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  • What To Do (and Not Do) When You Are Sued: Ten Tips for the Physician Defendant
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Finding yourself on the wrong end of a medical malpractice suit can be a professionally disheartening and personally devastating event in a physician's career. But, statistically, a majority of U.S. physicians will be sued at least once during their lifetime. And, depending on specialty and practice location, many doctors can expect to be the target of multiple professional liability actions during their careers.

While being a defendant in a lawsuit is never a pleasant experience, in this CareerPhysician article we offer some guidance for helping you respond appropriately to allegations of negligence along and some crucial advice on how to successfully weather potential litigation storms.

Notifying Your Carrier
If you receive a summons and complaint - the official legal notice that you have been named in a lawsuit and the listing of the allegations being made against you - notify your professional liability insurer immediately. Usually a telephone call satisfies this requirement, but check your insurance policy to determine whether written notification is required.

Your insurer will request a copy of the summons and complaint as well as a complete copy of your medical records pertaining to the patient/plaintiff. Time is of the essence since most jurisdictions allow for only 20-30 days after the summons has been served for you to file an answer to the allegations contained in the compliant.

The claims personnel from your insurance company will review the documents provided, make an initial evaluation of the case and assign an attorney to defend you in the matter. Your defense attorney will then review the documents and prepare an answer to be filed on your behalf.

While this sounds like a relatively straightforward process, insurance company claims representatives and attorneys often manage 100+ claims files simultaneously. This requires that they find time to focus on your case while juggling a schedule of mediations, settlement conferences, motions, trials and work on behalf of other defendants.

Anything you do to provide the insurance carrier's team with as much lead time as possible will aid in a successful processing of your case.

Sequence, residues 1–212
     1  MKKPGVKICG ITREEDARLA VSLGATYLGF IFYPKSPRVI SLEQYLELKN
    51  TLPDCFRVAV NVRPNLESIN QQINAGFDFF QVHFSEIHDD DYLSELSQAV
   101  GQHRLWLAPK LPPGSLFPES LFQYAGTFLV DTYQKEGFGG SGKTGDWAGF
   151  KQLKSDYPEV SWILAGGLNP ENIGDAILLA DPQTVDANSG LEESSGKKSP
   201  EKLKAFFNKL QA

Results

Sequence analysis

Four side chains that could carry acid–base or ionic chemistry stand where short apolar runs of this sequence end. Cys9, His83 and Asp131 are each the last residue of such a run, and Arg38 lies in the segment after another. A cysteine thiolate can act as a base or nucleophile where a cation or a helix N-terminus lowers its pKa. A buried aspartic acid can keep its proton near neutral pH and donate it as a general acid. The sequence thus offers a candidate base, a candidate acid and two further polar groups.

Pre-Trial Preparation
Certain U.S. jurisdictions have some type of "notice of intent" or "pretrial screening" processes in place. These rules require potential plaintiffs in medical malpractice cases to provide defendants with notice of their intentions a specified period of time in advance of the actual filing of the suit. Physicians receiving such a notice of intent or other legal notice from a potential plaintiff should notify their insurer as soon as possible.

In many cases your defense attorney will not contact you prior to the filing of an answer to the allegations. Often, initial pleadings, the original complaint and answer, are filed in a generic format and your attorney will not necessarily require additional information from you before drafting the answer. Don't worry, though, you will have every opportunity to rebut any allegations you disagree with later in the process.

Securing Medical Records
In addition to making a complete copy of the plaintiff's medical record for your insurance company, you should also make a complete copy for yourself as a secure backup. If your records are kept in a paper format, place the original record in a segregated locked file to ensure that it isn't lost or misfiled and remains intact and available during the course of the litigation.

Take the time to closely review the records to re-familiarize yourself with the patient's course of treatment. It's a good idea to obtain copies of x-ray films or other records pertaining to the patient's care that are not generally filed with the medical record but that may have some bearing on the case.

Do not amend or add to the record at this point. Even if, upon reviewing the record, you discover a glaring omission and your amendment to rectify the documentation is absolutely factually accurate and properly dated and timed, resist the urge. Any addition or change made to the record after the initiation of litigation will appear self-serving and will only hurt the defense of your case. You want your records to be identical to the copy that the plaintiff's attorney no doubt already has obtained.